Thursday, May 31, 2012

Bankia risk dragging Spain and EU into vortex

As reported by Bloomberg,

Bankia group risks dragging the rest of Spain into its vortex. 
As Spain’s third-biggest bank asks Prime Minister Mariano Rajoy’s government for 19 billion euros ($24 billion), international investors are tallying the potential cost for the rest of the industry and betting he won’t be able to foot the bill.... 
“The problem for Spain is that they can’t simply finance all this by issuing debt,” said Edward Thomas, who helps manage $6 billion as head of fixed-income investment at Quantum Global Wealth Management in Zug, Switzerland. “It’s a perfect storm for Spain, with more banks now being sucked in.” 
Spain needs to bail out lenders still reeling from the collapse of the real-estate boom while its own access to funding increasingly depends on domestic banks being kept afloat by the European Central Bank’s refinancing operations....
Given that Spain cannot foot the bill, it seems prudent to make the banks foot the bill for their recapitalization instead.

According to the IIF, after recognizing all the losses hidden on and off the bank balance sheets, the Spanish banks should be able to generate sufficient capital to rebuild their book capital in less than 4 years.
Spain is facing a credibility problem because of doubts generated by Bankia about “the size of that hole in the banking system,” said Andrew Bosomworth, a money manager at Pacific Investment Management Co., in a Bloomberg Television interview on May 29.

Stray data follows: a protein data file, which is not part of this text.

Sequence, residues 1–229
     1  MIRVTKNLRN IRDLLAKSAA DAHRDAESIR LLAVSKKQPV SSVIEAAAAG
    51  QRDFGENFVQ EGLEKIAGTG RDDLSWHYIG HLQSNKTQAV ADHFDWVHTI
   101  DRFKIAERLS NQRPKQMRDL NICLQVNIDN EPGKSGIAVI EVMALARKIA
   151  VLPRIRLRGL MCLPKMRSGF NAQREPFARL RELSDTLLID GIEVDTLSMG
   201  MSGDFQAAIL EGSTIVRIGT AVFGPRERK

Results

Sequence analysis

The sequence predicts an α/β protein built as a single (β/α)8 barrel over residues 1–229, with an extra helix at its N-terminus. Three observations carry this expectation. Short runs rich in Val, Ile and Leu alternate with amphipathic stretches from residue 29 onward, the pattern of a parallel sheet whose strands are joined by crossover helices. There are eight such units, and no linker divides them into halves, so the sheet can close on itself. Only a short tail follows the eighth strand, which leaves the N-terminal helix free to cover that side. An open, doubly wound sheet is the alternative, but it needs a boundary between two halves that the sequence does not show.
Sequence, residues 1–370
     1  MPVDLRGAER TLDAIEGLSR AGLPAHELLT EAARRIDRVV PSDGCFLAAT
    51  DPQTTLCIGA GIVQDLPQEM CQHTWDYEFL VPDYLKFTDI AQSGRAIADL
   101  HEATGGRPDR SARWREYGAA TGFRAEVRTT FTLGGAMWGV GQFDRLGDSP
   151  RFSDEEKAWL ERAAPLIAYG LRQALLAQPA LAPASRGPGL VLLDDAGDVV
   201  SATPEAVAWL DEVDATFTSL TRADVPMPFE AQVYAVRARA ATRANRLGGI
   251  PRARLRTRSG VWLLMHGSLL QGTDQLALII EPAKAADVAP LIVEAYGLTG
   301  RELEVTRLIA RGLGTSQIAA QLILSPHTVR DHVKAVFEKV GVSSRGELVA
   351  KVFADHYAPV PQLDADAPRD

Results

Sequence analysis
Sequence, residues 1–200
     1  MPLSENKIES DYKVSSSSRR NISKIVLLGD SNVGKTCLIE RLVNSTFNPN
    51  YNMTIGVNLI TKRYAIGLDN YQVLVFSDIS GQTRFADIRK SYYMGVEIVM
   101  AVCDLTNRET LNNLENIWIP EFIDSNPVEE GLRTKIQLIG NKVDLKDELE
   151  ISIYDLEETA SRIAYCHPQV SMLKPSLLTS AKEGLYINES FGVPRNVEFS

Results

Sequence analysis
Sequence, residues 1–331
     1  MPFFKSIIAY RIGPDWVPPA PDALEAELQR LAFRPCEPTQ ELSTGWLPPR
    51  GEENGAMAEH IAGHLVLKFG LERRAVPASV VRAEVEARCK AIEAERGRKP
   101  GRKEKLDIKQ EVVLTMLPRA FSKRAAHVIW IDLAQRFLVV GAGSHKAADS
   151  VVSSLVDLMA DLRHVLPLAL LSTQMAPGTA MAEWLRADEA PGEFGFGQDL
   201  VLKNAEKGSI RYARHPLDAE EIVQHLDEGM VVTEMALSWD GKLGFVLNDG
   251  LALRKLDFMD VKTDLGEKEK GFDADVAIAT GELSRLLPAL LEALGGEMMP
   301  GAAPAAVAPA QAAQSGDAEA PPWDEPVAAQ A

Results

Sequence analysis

“They know what to do. I think it’s the consequences of doing it -- how do the markets react if Spain applies for official external finance,” said Bosomworth, adding that experience of bailouts for Greece, Ireland and Portugal had been like a “kiss of death.”
Spain does know what to do.  It simply needs to require the banks to provide ultra transparency and disclose on an on-going basis their current asset, liability and off-balance sheet exposure details.  The markets can calculate the size of the hole in the financial system that the banks will have to refill with future retained earnings.

For the near term, it will undoubtedly be the 'kiss of death' for cash bonuses for bankers.
External auditors are due to publish a stress test on Spanish banks in June, followed by a more detailed report that will make clear how much additional capital banks may need.... 
Like the third party stress tests in Ireland and Greece, no one will believe the results.  In the absence of providing ultra transparency, there is no credibility to anything the government says or pays for.

Market participants have to discount the results because without ultra transparency so the market participants can confirm the results, it has to be assumed that there is something to hide.

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